In­sur­ance for or Against Mar­riage?

The Economic Times - - The Edit Page -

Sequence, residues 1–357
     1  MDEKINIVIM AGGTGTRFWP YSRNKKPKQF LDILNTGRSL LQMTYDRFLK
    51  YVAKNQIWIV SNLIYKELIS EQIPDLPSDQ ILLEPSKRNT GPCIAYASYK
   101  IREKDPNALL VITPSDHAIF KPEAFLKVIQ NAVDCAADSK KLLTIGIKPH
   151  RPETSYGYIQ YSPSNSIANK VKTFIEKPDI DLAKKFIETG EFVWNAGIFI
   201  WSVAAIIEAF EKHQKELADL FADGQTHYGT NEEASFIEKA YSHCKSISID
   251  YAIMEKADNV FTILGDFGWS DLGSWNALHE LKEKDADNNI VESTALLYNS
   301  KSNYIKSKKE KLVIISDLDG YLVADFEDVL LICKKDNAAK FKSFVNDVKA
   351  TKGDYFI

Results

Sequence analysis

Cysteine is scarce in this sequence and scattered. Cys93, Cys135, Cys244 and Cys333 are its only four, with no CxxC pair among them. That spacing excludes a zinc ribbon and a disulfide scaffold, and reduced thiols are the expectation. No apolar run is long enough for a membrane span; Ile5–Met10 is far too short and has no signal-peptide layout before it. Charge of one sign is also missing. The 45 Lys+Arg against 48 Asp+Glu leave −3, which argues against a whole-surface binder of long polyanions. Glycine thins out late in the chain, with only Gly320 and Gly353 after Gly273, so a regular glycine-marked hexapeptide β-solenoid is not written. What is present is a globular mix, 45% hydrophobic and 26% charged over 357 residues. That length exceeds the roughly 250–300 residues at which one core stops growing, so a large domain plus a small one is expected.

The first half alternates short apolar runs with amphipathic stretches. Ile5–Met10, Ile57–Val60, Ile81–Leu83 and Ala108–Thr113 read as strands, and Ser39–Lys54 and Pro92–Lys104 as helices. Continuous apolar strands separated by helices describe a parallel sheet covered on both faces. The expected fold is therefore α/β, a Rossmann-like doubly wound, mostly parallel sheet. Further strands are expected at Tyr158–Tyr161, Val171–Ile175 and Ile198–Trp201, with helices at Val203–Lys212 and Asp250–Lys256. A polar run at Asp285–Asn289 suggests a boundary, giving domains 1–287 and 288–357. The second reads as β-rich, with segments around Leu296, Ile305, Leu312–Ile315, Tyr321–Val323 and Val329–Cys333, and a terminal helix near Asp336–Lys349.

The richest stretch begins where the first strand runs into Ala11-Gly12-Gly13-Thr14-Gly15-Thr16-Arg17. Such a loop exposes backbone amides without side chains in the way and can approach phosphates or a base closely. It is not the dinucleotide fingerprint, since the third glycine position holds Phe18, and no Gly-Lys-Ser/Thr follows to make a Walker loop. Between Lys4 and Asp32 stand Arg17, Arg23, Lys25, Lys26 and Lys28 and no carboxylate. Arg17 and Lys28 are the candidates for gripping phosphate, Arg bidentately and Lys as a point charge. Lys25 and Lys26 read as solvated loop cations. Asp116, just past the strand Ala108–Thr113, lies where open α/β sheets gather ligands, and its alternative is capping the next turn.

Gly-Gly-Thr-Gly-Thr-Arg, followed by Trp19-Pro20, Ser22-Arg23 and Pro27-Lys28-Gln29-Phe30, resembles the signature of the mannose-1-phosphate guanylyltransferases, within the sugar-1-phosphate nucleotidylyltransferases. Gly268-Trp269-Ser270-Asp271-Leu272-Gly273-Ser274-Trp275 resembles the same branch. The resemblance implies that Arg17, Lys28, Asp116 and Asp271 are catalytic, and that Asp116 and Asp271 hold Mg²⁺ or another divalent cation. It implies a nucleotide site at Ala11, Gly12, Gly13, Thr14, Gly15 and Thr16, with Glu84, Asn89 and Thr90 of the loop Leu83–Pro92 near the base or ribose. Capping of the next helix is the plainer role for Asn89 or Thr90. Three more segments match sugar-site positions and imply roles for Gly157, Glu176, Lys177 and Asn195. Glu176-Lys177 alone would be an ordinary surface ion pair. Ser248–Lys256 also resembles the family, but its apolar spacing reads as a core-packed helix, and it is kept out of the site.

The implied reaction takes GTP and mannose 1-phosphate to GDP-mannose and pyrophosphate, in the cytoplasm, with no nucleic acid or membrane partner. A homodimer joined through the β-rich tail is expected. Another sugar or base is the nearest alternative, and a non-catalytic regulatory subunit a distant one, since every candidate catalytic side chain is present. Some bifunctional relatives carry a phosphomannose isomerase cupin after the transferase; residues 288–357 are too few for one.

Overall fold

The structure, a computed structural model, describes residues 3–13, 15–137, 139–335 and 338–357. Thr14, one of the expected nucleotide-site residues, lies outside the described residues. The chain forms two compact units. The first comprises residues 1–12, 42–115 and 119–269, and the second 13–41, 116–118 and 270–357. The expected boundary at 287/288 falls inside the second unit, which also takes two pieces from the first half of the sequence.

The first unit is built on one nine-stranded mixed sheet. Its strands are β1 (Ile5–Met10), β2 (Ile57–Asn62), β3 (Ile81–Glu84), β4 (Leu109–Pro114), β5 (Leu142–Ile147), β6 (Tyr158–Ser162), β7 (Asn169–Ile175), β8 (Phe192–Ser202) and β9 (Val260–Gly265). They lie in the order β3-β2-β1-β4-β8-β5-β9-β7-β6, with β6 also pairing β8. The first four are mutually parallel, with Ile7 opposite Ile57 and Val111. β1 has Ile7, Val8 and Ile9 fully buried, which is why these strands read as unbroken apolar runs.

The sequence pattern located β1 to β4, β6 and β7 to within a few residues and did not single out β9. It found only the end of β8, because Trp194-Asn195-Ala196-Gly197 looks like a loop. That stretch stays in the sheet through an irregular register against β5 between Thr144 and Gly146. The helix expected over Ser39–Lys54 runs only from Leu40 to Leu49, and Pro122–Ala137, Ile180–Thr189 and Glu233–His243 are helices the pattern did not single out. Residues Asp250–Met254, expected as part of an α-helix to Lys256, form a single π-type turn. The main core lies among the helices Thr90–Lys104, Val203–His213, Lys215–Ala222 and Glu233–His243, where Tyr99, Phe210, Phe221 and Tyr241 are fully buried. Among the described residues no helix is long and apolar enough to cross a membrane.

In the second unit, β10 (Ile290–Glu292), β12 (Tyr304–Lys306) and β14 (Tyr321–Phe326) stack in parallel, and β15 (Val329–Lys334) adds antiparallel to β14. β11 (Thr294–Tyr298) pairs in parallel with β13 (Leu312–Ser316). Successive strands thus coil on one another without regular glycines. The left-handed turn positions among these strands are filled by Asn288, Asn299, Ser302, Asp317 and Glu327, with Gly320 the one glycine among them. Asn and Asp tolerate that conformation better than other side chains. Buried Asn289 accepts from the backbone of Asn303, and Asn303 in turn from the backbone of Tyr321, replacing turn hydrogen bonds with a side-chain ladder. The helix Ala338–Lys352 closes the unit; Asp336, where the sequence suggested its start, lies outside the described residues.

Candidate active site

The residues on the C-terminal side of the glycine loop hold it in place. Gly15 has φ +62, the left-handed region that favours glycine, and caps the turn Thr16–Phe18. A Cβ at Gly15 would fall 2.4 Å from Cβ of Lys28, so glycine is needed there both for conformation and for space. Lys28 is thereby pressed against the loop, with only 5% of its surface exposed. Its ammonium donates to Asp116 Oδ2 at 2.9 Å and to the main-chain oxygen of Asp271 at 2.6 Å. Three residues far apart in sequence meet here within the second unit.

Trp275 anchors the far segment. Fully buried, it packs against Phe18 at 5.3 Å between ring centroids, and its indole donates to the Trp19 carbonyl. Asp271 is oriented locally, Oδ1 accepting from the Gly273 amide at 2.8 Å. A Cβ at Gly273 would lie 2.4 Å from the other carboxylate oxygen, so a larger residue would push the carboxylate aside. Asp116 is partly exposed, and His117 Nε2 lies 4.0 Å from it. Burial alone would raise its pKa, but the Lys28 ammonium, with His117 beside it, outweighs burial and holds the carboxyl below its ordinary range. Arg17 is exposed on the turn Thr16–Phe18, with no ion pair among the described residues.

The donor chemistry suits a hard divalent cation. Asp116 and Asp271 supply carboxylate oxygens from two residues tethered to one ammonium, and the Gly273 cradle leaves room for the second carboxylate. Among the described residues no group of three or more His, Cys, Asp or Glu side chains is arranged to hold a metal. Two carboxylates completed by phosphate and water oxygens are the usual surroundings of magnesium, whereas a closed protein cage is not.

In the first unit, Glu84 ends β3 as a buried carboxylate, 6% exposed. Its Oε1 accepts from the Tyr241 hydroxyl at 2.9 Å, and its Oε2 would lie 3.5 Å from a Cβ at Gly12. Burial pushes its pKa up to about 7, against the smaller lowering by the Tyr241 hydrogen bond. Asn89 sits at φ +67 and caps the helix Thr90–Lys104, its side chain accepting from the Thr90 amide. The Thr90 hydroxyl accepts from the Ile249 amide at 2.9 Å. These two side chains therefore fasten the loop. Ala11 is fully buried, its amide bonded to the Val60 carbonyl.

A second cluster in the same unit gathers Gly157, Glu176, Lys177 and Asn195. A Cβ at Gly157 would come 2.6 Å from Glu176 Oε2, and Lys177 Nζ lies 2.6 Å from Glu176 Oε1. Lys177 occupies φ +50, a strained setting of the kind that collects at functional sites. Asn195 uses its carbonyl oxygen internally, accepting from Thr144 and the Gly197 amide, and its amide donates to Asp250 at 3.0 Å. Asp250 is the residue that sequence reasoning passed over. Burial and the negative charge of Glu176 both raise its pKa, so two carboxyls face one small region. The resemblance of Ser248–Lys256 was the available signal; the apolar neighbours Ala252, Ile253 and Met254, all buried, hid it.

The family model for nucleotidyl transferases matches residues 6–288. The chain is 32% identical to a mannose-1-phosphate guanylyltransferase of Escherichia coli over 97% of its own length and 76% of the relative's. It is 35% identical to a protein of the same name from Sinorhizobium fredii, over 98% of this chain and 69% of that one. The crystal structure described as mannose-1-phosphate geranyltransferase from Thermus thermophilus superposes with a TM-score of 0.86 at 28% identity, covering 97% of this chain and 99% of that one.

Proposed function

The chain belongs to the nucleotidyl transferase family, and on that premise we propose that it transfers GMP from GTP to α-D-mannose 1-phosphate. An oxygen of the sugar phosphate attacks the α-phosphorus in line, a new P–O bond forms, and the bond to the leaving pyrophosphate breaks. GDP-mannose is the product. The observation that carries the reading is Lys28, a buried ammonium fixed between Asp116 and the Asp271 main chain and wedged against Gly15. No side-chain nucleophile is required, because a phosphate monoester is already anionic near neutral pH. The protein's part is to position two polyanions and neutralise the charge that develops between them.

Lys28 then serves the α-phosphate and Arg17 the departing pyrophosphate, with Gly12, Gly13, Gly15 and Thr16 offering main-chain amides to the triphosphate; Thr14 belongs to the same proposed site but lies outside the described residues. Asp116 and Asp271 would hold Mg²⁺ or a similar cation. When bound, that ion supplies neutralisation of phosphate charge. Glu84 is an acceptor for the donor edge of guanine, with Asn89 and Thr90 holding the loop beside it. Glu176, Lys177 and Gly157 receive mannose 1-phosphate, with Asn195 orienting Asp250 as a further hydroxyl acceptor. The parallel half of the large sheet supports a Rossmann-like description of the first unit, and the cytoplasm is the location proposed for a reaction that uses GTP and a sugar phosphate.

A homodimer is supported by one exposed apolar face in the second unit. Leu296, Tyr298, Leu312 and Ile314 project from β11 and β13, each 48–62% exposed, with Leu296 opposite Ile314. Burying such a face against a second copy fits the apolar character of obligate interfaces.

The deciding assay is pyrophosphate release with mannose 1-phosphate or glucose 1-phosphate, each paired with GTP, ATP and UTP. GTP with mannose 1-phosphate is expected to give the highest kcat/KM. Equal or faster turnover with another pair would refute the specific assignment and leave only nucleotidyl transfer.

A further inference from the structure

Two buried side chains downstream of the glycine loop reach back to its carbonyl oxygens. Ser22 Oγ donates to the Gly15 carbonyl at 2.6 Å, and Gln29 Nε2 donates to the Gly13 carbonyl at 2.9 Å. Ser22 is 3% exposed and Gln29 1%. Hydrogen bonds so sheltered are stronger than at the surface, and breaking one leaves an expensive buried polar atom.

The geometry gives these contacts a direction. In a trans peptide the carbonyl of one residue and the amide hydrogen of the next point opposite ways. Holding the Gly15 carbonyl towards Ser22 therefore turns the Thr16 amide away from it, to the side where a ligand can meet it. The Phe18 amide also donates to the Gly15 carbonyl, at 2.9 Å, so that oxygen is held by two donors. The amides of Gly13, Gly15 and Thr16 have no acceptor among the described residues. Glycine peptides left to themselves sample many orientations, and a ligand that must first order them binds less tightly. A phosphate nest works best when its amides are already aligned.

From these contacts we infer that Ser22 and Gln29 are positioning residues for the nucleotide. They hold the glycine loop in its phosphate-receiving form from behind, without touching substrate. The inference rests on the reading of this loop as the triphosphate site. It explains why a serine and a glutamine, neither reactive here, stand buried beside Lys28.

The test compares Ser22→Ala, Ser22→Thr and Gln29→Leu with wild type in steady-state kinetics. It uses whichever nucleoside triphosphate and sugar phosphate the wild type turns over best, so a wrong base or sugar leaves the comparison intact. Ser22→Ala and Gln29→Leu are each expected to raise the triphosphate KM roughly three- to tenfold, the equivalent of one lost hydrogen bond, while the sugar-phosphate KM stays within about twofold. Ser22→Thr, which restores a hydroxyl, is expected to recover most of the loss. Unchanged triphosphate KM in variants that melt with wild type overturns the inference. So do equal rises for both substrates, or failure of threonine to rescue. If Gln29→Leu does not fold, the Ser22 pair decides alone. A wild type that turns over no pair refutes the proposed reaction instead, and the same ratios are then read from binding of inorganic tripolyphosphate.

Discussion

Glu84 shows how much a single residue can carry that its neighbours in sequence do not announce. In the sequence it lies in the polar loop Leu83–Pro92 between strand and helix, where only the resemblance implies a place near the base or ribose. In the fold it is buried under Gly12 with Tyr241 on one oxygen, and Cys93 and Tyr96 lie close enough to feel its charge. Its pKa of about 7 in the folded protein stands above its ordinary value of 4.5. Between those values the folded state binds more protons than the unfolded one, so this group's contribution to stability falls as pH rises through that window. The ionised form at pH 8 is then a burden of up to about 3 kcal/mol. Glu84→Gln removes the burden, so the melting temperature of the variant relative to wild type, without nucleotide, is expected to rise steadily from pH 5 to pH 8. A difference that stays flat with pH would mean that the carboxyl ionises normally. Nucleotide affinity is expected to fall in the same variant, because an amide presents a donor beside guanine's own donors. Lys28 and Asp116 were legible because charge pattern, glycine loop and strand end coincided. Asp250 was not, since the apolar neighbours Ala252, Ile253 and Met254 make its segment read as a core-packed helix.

Since in­sur­ance com­pa­nies are not known to be suck­ers for ro­mance, all those be­sot­ted Chi­nese who have been con­tem­plat­ing buy­ing ‘love in­sur­ance’ — or have done so — should won­der why such an op­tion is be­ing of­fered at all. One com­pany stip­u­lates that if a cou­ple ties the knot be­tween three and13 years af­ter buy­ing a 99 yuan, 297 yuan or 495 yuan pol­icy (with dis­counts for stu­dents and serv­ing sol­diers), there will be a pay­out of 1,999 yuan, 5,997 yuan, and 9,995 yuan, re­spec­tively. A fourth one for 399 yuan of­fers a 0.5 carat heartshaped di­a­mond with that same time-frame caveat. An­other com­pany’s pay­out is 10,000 roses on a cou­ple’s wed­ding day but, once again, if they marry three years af­ter buy­ing the pol­icy. The rea­son for that cu­ri­ous time em­bargo, it seems, is be­cause in­sur­ance ac­tu­ar­ies es­ti­mate that 98.39% of Chi­nese cou­ples ei­ther break up or get hitched be­fore three years. Rather than be­ing gen­uine ini­tia­tives to en­tice com­mit­ment-shy Chi­nese to try mat­ri­mony, in­sur­ance com­pa­nies are ob­vi­ously bet­ting on ex­actly the op­po­site, buoyed by data of ris­ing di­vorce fig­ures and de­clin­ing mar­riage rates there for sev­eral years. That in­sur­ance com­pa­nies in other coun­tries have not jumped on the love band­wagon para­dox­i­cally in­di­cates, there­fore, a less cyn­i­cal out­look for ro­mance and mar­riage else­where!

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